Secondhand vessel prices
Secondhand vessel prices were stable between January and April 2015 but experienced a sudden drop in May. Secondhand vessel prices reflect the short- and medium-term outlook for the crude tanker industry. They are more reactive to the spot market shipping rates.
Sudden drop of prices in May
Five- and ten-year old VLCC (very large crude carrier) prices were $77.1 million and $52.1 million, respectively, in May 2015. In April 2015, those prices were $80.9 million and $52.1 million, respectively. The price for a five-year old vessel fell by almost 5% in a single month. Aframax five- and ten-year old prices have also fallen. In May, these cost $35.8 million and $26.8 million, respectively. This represents a respective drop of $9.4 million and $3.4 million from April’s prices.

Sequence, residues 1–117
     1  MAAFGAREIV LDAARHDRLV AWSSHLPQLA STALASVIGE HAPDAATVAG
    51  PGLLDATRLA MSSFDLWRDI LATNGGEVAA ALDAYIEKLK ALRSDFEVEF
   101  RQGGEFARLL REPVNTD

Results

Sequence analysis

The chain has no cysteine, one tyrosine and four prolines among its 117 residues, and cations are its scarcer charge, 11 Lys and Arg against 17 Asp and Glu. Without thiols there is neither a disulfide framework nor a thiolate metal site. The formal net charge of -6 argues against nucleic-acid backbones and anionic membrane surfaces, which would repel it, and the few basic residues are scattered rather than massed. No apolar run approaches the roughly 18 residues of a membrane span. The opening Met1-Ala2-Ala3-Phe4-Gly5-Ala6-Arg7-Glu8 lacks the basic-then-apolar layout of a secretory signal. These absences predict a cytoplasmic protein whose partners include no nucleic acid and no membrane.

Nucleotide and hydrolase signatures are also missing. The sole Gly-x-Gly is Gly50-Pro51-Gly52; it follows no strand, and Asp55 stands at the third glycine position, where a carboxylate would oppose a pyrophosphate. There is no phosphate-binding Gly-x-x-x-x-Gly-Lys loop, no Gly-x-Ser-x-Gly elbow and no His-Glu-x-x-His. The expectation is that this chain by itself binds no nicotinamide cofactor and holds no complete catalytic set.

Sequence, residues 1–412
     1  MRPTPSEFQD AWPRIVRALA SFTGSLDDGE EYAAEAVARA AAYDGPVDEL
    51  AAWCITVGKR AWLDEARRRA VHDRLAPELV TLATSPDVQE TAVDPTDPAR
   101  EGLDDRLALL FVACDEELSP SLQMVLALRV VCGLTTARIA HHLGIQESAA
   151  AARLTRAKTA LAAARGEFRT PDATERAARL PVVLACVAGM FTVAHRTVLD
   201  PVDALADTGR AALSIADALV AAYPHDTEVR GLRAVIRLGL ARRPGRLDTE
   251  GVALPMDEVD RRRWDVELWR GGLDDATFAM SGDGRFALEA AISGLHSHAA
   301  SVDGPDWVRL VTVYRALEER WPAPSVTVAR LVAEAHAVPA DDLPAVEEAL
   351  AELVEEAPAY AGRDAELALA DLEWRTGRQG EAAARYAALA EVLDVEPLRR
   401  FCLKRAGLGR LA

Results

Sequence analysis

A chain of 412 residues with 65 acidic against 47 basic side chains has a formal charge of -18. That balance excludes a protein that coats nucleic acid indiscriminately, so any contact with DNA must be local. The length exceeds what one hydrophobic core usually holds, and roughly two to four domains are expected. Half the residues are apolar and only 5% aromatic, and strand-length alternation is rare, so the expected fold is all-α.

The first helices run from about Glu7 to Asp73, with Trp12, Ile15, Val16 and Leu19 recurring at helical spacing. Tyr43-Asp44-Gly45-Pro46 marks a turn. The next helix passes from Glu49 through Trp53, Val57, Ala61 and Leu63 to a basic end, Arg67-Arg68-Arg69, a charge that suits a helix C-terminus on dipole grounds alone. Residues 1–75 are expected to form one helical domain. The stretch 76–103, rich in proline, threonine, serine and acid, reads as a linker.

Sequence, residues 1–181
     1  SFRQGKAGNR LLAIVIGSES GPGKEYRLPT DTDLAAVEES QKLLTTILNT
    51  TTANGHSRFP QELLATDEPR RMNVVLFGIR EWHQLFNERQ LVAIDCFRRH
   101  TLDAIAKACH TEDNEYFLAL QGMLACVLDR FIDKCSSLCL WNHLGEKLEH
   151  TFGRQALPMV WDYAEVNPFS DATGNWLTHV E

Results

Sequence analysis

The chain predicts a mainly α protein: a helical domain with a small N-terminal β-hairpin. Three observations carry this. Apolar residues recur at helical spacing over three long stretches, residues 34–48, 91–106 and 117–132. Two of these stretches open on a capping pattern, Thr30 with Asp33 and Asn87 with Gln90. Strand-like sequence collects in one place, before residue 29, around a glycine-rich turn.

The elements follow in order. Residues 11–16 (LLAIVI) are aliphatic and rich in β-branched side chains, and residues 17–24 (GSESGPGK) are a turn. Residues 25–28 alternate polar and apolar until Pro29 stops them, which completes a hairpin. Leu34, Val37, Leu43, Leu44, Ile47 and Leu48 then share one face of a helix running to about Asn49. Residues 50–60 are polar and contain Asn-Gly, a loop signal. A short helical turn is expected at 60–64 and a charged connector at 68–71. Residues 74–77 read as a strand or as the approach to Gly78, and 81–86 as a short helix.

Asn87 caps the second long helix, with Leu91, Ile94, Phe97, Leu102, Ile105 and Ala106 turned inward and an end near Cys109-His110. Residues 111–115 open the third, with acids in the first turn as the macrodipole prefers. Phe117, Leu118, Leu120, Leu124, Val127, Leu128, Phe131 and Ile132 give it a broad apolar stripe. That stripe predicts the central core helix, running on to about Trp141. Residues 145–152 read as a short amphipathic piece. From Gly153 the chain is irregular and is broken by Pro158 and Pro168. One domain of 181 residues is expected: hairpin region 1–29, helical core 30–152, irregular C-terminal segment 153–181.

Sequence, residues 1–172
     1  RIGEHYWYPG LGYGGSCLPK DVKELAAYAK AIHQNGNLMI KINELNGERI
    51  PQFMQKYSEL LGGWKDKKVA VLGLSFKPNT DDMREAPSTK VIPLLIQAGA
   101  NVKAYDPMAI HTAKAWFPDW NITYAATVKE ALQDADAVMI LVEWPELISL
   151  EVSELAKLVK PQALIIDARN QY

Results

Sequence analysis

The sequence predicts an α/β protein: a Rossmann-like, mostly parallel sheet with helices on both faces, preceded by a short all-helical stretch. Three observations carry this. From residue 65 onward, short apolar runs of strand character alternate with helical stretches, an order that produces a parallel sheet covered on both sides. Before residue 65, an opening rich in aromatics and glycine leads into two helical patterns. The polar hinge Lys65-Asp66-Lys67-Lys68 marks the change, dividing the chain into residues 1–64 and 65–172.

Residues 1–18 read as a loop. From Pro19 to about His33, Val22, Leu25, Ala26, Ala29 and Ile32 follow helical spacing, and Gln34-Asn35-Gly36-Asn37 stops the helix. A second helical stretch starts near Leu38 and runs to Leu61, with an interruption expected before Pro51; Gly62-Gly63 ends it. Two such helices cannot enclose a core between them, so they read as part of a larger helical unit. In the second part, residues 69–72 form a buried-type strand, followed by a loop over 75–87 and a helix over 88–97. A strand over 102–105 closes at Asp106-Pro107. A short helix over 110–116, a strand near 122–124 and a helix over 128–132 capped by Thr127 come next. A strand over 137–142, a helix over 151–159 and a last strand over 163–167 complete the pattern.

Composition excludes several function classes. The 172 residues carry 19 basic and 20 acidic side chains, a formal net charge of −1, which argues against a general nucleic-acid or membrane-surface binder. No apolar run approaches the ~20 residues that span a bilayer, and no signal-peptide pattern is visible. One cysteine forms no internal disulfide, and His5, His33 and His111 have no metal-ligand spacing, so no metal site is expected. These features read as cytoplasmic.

We can also asses the industry outlook by looking at the time premium. The time premium is the ratio of secondhand vessel value to the current price. We’ve taken five-year old vessel value as a proxy for secondhand prices.
Assuming a vessel’s life to be 25 years, a five-year old vessel would be worth 80% of a newbuild’s price. If industry participants have a positive outlook on the industry, they’ll pay a premium on the secondhand vessels just to obtain them immediately. On the other hand, if the outlook is negative, these assets would have less value.
In May 2015, the ratio was exactly 80%, which means the secondhand vessels were valued at par. Yet this ratio was down compared to the previous month. This indicates that the short-term outlook has weakened for companies including Frontline (FRO), Nordic American Tanker (NAT), Teekay Tankers (TNK), Navios Maritime Midstream (NAP), and Tsakos Energy Navigation (TNP). The same is true for the Guggenheim Shipping ETF (SEA).